1. Pedro Prado’s client Gil Soares de Mello, of São Paulo, Brazil, kept a journal of his Rolfing® process. The journal included his illustrations, some of which are presented here with his kind permission.
  2. The Greek word soma refers to the living body. According to philosopher and phenomenologist Merleau-Ponty, a living body is not only an object, but also a subject imbued with consciousness.
  3. The triune brain model, adapted from the work of Paul MacLean, is a simple and helpful way to conceptualize brain function. According to this model, the reptilian brain controls the basic autonomic functions of life, such as digestion, reproduction, circulation, breathing; the limbic brain regulates the expression and mediation of instincts, drives, and emotions; and the neocortex governs language, cognition, and reasoning.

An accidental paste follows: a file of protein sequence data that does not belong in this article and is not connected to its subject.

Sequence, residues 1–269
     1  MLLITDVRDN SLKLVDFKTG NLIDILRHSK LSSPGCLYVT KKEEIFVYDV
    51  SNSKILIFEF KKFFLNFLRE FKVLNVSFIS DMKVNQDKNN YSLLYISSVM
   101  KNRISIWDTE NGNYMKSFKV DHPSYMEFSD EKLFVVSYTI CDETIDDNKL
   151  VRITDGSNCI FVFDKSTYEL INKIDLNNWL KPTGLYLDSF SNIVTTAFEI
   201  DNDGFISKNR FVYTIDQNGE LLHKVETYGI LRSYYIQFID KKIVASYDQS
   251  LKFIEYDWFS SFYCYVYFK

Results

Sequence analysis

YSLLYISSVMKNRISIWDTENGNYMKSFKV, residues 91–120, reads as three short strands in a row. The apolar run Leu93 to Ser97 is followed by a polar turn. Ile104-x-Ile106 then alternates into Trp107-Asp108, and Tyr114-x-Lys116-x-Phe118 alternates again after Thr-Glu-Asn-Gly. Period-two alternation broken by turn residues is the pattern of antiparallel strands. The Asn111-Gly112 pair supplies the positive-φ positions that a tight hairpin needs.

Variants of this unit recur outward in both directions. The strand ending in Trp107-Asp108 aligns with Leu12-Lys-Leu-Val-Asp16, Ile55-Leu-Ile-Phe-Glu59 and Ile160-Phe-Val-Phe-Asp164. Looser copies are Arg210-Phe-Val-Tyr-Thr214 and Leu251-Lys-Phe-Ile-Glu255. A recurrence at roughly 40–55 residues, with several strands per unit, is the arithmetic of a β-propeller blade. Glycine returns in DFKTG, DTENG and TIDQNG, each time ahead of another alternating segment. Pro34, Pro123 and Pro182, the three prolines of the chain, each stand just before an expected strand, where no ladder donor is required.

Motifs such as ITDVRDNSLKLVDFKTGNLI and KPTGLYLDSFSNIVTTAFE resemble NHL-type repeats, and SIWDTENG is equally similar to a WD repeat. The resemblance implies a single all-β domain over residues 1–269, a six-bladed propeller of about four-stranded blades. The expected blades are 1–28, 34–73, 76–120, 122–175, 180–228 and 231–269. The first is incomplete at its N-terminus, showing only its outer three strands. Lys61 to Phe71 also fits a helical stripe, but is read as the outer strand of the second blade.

4. The Santiago Theory of cognition emphasizes autopoeisis; i.e., the role of self-recognition in the development of biological forms. See F. Varela and S. Frenk “The Organ of Form: Towards a Theory of Biological Shape,” Rolf Lines July 1988, 16(1): 32-42; also H. Maturana “Autopoiesis, Structural Coupling and Cognition: A history of these and other notions in the biology of cognition,” Cybernetics & Human Knowing 2002, 9(3-4): 5-34. ■
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July 2015 / Vol. 43, No. 2